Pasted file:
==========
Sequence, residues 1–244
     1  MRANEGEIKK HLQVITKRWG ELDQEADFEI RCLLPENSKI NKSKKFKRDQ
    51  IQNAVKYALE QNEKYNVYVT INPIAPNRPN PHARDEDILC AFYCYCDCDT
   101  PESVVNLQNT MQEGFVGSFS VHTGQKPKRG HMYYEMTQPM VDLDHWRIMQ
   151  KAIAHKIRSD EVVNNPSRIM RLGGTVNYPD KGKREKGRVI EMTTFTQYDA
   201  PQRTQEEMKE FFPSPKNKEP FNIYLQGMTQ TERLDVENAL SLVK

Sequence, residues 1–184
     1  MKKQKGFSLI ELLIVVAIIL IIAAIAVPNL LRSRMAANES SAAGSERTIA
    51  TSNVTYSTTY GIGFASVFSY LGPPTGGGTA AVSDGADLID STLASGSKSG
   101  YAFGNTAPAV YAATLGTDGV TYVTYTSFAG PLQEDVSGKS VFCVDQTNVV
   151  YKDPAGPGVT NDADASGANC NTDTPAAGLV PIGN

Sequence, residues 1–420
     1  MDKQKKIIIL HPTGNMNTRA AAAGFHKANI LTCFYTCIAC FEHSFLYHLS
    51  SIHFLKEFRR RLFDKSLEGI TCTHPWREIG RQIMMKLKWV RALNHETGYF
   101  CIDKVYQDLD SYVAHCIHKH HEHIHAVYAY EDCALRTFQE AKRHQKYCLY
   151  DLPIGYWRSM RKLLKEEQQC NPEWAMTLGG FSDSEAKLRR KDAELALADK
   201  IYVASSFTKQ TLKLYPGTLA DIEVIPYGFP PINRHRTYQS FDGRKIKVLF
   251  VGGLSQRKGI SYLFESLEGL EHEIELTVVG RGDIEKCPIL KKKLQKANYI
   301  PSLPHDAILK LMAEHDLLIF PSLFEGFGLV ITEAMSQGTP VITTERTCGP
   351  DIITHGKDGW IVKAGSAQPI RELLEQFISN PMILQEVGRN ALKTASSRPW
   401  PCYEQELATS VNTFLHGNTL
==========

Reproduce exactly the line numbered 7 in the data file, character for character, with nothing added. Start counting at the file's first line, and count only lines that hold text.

Sequence, residues 1–184